Review: A Devil Under the Skin by Anya Lipska

Friday 19 June 2015
Title: A Devil Under the Skin
Author: Anya Lipska
Publisher: The Friday Project
Publication Date: 18th June 2015
Pages: 320
ISBN: 9780008100353
Source: Review Copy
Rating: 5/5
Purchase: Amazon
Things are looking up for Janusz Kiszka, big-hearted 'fixer' to London's Poles. His girlfriend/the love of his life, Kasia, is finally leaving her no-good husband to make a new life with him, and he’s on the brink of a deal to ensure their financial security for years to come.

Then Kasia vanishes – and the big Pole’s world is torn apart. Convinced she’s been abducted, he must swallow his pride and seek the help of an old contact – maverick cop Natalie Kershaw, who’s been suspended following a fatal shooting. But the search swiftly takes an even darker turn… What connects Kasia’s disappearance and a string of brutal East End murders? And who is the mysterious and murderous enforcer stalking the streets of London?

Meanwhile, time is running out for Kasia. To reach her, Kiszka must confront a gut-wrenching dilemma that will shape the rest of his life.

I am a new reader to Anya Lipska's work having recently read and reviewed Where the Devil Can't Go and Death Can't Take a Joke and having now read A Devil Under the Skin I am excited about how 'fresh' each book has felt even having read them so close together. I think some authors can very quickly become a bit samey in the type of stories that they write, but it seems Anya isn't one of them.

Janusz Kiska - fixer to East London's Poles - is about to move in with his lover Kasia, just as soon as she leaves her no-good husband. Before she can do that however, she disappears along with Steve, her husband. Kiszka starts some investigations of his own, running into endless dead ends. Distrusting of the police his whole life, even he knows his chances of finding Kasia alive will be improved with help from the authorities and so he turns to an old contact - maverick cop Natalie Kershaw who - naturally for Kershaw - is facing a couple of problems of her own. Namely, suspension from work following a fatal shooting. When Kasia's disappearance appears to have connections with a spate of brutal East End murders, Janusz and Kershaw have no idea just what, or who they are dealing with.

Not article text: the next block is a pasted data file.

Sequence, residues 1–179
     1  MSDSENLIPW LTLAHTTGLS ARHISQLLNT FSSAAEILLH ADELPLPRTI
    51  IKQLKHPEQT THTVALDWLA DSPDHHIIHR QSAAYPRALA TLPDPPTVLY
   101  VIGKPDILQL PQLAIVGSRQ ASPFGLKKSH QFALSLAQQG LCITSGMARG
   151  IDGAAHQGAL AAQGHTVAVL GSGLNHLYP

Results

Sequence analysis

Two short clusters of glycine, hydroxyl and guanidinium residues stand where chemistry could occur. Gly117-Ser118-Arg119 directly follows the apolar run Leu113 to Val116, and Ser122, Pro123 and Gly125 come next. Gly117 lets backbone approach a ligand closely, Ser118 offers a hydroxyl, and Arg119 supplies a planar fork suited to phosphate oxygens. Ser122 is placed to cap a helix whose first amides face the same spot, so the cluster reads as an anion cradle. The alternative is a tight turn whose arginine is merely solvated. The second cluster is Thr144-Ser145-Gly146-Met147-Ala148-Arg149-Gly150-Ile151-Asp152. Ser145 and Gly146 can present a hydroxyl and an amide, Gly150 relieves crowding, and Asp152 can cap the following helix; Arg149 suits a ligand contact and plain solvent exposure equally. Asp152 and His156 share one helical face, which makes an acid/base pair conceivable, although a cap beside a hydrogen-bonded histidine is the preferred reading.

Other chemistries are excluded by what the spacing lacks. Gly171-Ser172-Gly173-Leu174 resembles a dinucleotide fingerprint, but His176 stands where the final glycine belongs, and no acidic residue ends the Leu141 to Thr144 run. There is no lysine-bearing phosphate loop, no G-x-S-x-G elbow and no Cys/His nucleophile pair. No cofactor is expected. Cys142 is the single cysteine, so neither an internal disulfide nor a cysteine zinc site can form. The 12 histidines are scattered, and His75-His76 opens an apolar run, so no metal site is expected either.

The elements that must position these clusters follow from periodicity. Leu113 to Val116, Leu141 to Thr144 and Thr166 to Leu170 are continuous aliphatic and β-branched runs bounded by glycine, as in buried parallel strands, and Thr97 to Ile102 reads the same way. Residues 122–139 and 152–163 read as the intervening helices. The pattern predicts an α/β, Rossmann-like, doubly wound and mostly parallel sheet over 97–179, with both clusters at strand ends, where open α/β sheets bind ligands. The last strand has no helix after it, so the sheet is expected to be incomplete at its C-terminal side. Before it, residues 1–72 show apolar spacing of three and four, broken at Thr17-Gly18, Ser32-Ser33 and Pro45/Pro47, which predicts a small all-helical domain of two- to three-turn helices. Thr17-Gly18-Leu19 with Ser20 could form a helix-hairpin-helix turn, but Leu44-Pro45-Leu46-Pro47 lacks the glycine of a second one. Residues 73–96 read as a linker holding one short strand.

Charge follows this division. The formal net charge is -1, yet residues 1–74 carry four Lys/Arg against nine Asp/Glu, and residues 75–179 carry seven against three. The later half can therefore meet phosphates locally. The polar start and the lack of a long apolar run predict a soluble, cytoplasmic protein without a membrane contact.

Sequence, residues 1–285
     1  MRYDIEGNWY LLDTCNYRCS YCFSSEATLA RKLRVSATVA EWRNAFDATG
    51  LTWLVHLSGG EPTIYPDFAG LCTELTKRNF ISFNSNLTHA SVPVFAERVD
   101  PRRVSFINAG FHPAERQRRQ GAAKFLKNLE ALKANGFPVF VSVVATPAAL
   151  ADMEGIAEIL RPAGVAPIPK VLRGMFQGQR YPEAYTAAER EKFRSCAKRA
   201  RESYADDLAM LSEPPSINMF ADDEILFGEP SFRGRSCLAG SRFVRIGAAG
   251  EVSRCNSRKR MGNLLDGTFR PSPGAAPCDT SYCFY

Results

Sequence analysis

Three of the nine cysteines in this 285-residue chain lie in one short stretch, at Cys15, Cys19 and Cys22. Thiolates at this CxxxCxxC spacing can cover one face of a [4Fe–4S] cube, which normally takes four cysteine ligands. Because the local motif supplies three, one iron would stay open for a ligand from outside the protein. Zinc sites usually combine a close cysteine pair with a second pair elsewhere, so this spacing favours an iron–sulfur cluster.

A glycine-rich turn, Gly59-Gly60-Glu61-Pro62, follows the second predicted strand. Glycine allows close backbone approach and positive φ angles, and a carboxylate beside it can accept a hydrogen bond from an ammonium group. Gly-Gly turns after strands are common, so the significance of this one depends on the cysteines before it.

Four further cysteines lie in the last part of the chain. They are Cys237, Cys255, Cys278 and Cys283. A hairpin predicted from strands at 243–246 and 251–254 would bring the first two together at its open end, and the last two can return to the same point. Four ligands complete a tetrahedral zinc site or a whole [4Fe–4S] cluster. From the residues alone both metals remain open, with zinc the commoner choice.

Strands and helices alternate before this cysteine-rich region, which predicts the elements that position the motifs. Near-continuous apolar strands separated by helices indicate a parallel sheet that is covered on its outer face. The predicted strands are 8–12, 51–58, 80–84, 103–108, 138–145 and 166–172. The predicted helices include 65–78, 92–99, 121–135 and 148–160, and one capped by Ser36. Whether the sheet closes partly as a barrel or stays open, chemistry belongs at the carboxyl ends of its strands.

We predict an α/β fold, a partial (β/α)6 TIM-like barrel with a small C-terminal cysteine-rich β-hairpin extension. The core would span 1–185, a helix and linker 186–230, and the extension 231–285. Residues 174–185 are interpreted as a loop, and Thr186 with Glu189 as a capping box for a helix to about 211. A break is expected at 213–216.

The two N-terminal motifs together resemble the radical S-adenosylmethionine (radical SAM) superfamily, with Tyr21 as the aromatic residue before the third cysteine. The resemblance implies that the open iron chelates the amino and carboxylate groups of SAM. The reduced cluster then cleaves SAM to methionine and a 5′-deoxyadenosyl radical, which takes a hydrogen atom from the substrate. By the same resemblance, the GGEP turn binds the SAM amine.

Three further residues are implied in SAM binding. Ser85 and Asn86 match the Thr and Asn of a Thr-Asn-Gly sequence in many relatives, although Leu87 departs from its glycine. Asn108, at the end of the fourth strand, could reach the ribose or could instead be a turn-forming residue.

I liked the change of pace and story in A Devil Under the Skin; the mystery element this time around was especially gripping, reminiscent at times of one of my favourite authors, Tim Weaver. The continued character development of both Janusz and Kershaw is brilliant and theirs is a relationship that continues to intrigue, and leaves me wondering just whether anything will ever happen between them. After the events of Death Can't Take a Joke, Janusz now views Kershaw with something akin to respect, and I think he sometimes knows her better than she knows herself. After the shooting Kershaw is 'forced' to see a psychologist, and I think this is the moment she starts to discover things about herself that in the past she has refused to acknowledge. Both of these characters are just brilliant, I love reading about them and it's always intriguing to witness how they view and think about each other.

I said in my previous reviews how much I liked Janusz's best friend Oskar, and he makes a very welcome return in A Devil Under the Skin. Comedy in crime fiction is tricky, with only a few authors achieving a successful balance. Anya is one of those authors, portraying it very naturally and in a believable way, never letting it detract from everything else that is going on. The friendship between Oskar and Janusz is one of my favourite things about this series. I like how different they are, and the banter that they have but also how obvious it is that they clearly have an unbreakable bond. There are some terrific scenes between the two throughout this story.

I don't want to say too much about the story itself but - despite not being completely invested in the character of Kasia - I enjoyed following Janusz on his quest to save the supposed love of his life. It is an exciting and thrilling read, with a real feeling of menace throughout and some really fearsome bad guys. Anya Lipska always includes a number of twists and red herrings, and this time around has created enough unsavoury characters to keep most readers guessing throughout the story, and ends the whole thing quite brilliantly, leaving readers eager for more from Janusz and Kershaw. This series definitely has real scope to be long-running, and I hope the wait for more isn't too long.


1 comment:

  1. I must get into this series! I hear nothing but good things about it! So many books, so little time...!


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